3. Process of preparing wax modifying agents, which comprises alkylating about one part by weight of an aromatic-kerosene formaldehyde resin with about /2 to 3 parts by weight of amyl chloride at a temperature of about 125-200 F. in the presence of aluminum chloride as a catalyst and in the presence of tetrachlorethane as solvent, for a reaction time of about /2 to 5 hours, hydrolyzing and removing the catalyst and distilling the reaction products under reduced pressure to about 600 F. to obtain the desired distillation residue having wax modifying properties.
4. Process which comprises alkylating a naphthalene-formaldehyde resin with at least one alkyl group containing less than 7 carbon atoms, at, a, temperature above about 125 F. with a Friedel-Crafts catalyst, hydrolyzing and removing the catalyst and distilling the reaction prodnot under reduced pressure up to about 600 F. to obtain the desired products as distillation residue.
resin, substantially non-volati e up to about 600 F., and having pour depressing properties, such product being a resin derived by resinification of an aromatic hydrocarbon by an aldehyde, which has been subjected to Friedel-Crafts alkylation at a temperature above about 125 F. with an alkylating agent containing less than '7 carbon atoms.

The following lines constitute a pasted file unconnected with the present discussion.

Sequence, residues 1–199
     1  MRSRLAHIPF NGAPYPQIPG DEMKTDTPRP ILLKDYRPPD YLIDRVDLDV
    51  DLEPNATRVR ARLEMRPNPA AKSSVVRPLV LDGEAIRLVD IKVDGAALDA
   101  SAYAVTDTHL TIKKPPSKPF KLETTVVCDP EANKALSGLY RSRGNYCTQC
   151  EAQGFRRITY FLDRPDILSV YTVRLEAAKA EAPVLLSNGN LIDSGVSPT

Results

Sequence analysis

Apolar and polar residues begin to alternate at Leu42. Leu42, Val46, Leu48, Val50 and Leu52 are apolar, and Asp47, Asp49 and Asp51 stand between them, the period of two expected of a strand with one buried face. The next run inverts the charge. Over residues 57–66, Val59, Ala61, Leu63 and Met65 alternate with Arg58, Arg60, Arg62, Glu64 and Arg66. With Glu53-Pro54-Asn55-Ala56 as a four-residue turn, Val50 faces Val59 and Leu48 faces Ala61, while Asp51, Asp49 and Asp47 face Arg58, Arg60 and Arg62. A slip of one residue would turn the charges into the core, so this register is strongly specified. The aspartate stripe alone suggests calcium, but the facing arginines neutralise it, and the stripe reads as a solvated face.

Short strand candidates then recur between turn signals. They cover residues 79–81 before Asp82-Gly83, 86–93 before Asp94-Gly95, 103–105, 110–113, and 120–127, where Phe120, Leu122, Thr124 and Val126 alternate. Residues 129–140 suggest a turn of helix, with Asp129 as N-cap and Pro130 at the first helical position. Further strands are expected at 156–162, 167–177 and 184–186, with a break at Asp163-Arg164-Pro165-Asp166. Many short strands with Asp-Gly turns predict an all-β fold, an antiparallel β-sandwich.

6. Product consisting essentially of an oil soluble resin, substantially non-volatile up to about 600 F., and having pour depressing properties when dissolved in waxy mineral lubricating oils 7 in small amounts, said product being an aromatickerosene formaldehyde resin which has been condensed with amyl chloride at a temperature above 125 F.
5. Product comprising essentially an oil soluble 10. Product according to claim 5 m which the alkyl group contains 4 to 6 carbon atoms.
11. Process which comprises reacting an arcmatic hydrocarbon-aldehyde resin with an alkylating agent selected from the class consisting of alkyl halides and corresponding olefins, having less than 7 carbon atoms, at a temperature above about F. with a Friedel-Crafts catalyst, hydrolyzlng and removing the catalyst and distilling the reaction products under reduced pressure to about 600 F. to obtain the desired product as distillation residue.
12. Process which comprises reacting an arcmatic hydrocarbon-formaldehyde resin with an alkyl halide having less than 7 carbon atoms at a temperature above about 125 F. with aluminum chloride as catalyst, hydrolyzing and removing the catalyst and distilling the reaction products under reduced pressure to about 600 F. to obtain the desired product as distillation residue.
13. Process which comprises reacting an aromatic kerosene-formaldehyde resin with an alkyl halide having less than '7 carbon atoms at a temperature above about 125 F. in the presence of an inert solvent and with aluminum chloride as catalyst, hydrolyzing and removing the catalyst and subjecting the reactionproducts to fire and steam distillation up to 600 F. to obtain the desired product as distillation residue.
, EUGENE LIEBER.